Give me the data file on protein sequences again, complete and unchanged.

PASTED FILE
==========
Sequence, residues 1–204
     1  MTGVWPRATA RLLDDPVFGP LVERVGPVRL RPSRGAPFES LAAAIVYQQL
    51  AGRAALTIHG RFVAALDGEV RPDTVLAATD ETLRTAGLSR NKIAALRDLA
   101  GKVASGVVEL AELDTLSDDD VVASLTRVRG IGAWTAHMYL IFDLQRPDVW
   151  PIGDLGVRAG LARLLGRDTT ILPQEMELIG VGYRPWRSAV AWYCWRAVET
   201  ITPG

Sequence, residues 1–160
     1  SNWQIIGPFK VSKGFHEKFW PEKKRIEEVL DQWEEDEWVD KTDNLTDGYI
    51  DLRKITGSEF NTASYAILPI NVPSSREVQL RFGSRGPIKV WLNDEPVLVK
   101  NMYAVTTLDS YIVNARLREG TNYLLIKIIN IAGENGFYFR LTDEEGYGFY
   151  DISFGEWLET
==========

Sequence, residues 1–204
     1  MTGVWPRATA RLLDDPVFGP LVERVGPVRL RPSRGAPFES LAAAIVYQQL
    51  AGRAALTIHG RFVAALDGEV RPDTVLAATD ETLRTAGLSR NKIAALRDLA
   101  GKVASGVVEL AELDTLSDDD VVASLTRVRG IGAWTAHMYL IFDLQRPDVW
   151  PIGDLGVRAG LARLLGRDTT ILPQEMELIG VGYRPWRSAV AWYCWRAVET
   201  ITPG

Sequence, residues 1–160
     1  SNWQIIGPFK VSKGFHEKFW PEKKRIEEVL DQWEEDEWVD KTDNLTDGYI
    51  DLRKITGSEF NTASYAILPI NVPSSREVQL RFGSRGPIKV WLNDEPVLVK
   101  NMYAVTTLDS YIVNARLREG TNYLLIKIIN IAGENGFYFR LTDEEGYGFY
   151  DISFGEWLET